yet another melancholy post…

This is the week of somber posts. If this keeps up, I will have to review good movies to lighten the mood. However, one more for the road…

Pearl Harbor has been on my mind since I woke this morning. I grew up in the 70’s, and am embarrassed to say this day did not mean much to me. WW2 was so far removed from us, it seemed… was so long ago, and we had Vietnam to occupy our rage and feelings of helplessness. It was not until I was an adult, in my twenties and on my third trip to the islands that I even made it to Pearl Harbor. The city is a bustling cluster-fluff, like all cities are in Hawaii, and I tended to look for the tiny beach towns to spend my free time in; drinking pina coladas, swimming in the surf and staying away from anything remotely touristy. But something made me go to Pearl that spring day, and it took my breath away.

Being in the military, I was used to pomp and circumstance, and always distanced myself from those who were there out of a deeply driven duty. After all, I had joined to clean up oil spills and enforce cargo regulations, not for any political stance… merely a job for me. On that day in 2006, there happened to be a small ceremony at the Arizona memorial. On the boat ride, I mentioned to a fellow passenger that it was crowded, more than I thought it would be. There were so many older men, vets and their families I assumed. He told me it was because a Pearl Harbor surviving veteran had recently died, and the family worked with the park service to hold a small memorial service. Through the course of our conversation, I got most of the info, and began to feel like an interloper, peeking into a ritual I could not understand, or appreciate. Since it is a public park, there was no way to shut down operations, so this family’s grief and tribute to their loved one was to happen in the midst of tourists, idiots like myself who had a few hours to waste between drinks.

Before the talk, I was being lulled into that dreamy state that only a boat ride in a tropical setting does to me… wind on my face, sun blazing across my back, waves churning from the motor making us dance toward our destination. After we spoke, I sobered up, sat up straight, and realized I was about to see something greater than myself, than all of us, and I had damned well appreciate it.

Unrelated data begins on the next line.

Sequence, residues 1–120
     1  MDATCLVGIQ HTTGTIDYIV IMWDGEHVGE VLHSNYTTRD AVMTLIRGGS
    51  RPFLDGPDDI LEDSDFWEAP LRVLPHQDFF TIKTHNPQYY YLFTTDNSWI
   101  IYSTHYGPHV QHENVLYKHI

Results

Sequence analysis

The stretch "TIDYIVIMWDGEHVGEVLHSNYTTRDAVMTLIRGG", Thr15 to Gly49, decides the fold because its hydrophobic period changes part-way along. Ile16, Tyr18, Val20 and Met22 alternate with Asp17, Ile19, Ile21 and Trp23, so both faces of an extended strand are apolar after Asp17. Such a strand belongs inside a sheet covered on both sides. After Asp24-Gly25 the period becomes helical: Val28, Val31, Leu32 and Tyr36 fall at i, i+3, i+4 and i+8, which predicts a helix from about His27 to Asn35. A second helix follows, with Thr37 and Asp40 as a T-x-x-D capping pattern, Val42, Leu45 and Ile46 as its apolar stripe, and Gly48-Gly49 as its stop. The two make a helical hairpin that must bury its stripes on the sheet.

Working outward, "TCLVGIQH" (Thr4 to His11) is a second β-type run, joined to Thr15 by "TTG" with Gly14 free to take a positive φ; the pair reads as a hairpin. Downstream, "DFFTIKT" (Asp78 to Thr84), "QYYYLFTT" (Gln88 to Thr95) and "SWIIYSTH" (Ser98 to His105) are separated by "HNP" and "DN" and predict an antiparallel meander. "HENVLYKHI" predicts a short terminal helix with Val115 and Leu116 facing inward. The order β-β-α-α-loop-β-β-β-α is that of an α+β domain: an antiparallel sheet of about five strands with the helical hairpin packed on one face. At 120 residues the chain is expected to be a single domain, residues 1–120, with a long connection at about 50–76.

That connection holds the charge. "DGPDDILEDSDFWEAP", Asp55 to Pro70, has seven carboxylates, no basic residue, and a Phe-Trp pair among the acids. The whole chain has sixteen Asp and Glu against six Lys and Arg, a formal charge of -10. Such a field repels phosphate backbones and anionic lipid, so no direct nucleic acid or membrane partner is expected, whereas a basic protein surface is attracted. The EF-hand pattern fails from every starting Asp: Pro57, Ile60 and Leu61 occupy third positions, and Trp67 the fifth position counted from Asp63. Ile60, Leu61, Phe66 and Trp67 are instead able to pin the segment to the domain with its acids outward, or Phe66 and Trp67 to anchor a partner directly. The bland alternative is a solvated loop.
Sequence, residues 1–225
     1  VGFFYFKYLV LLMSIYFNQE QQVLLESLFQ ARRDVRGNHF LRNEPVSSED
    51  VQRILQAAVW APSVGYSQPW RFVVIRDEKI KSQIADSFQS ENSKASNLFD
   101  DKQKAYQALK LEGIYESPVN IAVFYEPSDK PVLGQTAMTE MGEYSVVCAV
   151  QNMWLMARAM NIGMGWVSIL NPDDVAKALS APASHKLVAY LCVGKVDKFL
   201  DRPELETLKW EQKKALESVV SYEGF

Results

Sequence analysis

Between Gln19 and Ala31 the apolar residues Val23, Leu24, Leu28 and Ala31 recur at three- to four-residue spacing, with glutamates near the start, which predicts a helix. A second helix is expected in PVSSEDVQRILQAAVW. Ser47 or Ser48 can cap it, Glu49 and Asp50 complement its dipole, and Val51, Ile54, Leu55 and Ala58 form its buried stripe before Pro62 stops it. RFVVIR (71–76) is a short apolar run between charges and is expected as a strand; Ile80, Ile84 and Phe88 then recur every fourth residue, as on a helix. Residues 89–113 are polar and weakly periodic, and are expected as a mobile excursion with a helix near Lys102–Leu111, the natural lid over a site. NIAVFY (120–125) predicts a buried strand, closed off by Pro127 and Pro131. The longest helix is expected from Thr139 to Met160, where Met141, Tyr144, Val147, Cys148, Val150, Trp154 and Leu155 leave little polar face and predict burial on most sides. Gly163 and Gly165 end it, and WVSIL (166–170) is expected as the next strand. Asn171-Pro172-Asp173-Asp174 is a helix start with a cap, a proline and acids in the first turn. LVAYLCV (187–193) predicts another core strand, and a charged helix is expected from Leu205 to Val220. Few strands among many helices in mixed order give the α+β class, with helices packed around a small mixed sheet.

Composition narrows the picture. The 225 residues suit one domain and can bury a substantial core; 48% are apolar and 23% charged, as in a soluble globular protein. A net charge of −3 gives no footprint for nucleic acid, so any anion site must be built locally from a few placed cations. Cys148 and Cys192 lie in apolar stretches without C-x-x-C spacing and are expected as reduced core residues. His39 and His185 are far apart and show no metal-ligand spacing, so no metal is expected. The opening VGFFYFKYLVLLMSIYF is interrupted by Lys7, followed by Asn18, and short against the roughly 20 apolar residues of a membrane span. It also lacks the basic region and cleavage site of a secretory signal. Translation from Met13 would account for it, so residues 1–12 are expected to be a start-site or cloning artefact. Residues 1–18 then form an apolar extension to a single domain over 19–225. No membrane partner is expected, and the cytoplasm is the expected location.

Docking and grabbing a headset, I began to wander, pushed slightly by throngs of people of every nationality. I was surprised to see so many Japanese people bowed deeply in prayer and respect.  As I am sure most of you know, the memorial is built directly over the sunken hull of the USS Arizona. Gazing down into the crystal clear waters, the murky shape of the battleship was visible in its entirely, oil rising slowly to form a small puddle that some call “tears of the Arizona”… that was when it hit me. We all know sometimes war is inevitable, but rarely are we, as Americans, privy to the reality of what that means. Most of the world has first hand knowledge, living amongst rebuilding efforts that last generations. Here, we are babies, we had our own Civil War, but never have we had to face the destruction of our way of life, in the way that places like France, London, Germany, Chechnya, Greece, Egypt and Croatia have, to name but a few.

I spent several hours that day committing to memory the beauty and desperation that the memorial embodies. I read each and every name on the wall, touched everything I was allowed to, and took a much later boat back than planned. As I watched the curving memorial fade behind me with the setting sun, I thought about my place in this crazy world, and how it is all but chance and luck. The serviceman who died had one last journey to make… His ashes were going to be interred in the wreck below the following day by Navy divers.

It is because of my own pathetic lack of historical connectedness that lead me to develop a deep and real love of life that came before us, and a respect for the way it played out. I made sure my child was not shortchanged in this crucial part of her education, and am happy to report she is an avid devotee of anything historical in nature. We may not be able to change the past, but we can study it, learn form it, and hopefully not make the same mistakes that the generations before us did. We need to learn from their mistakes, and victories, and connect their decisions with our own. In this small way, no one has died in vain, but to a greater good that we can all aspire to.


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  1. Trackback: Two Good Two Be True! | CombatBabe

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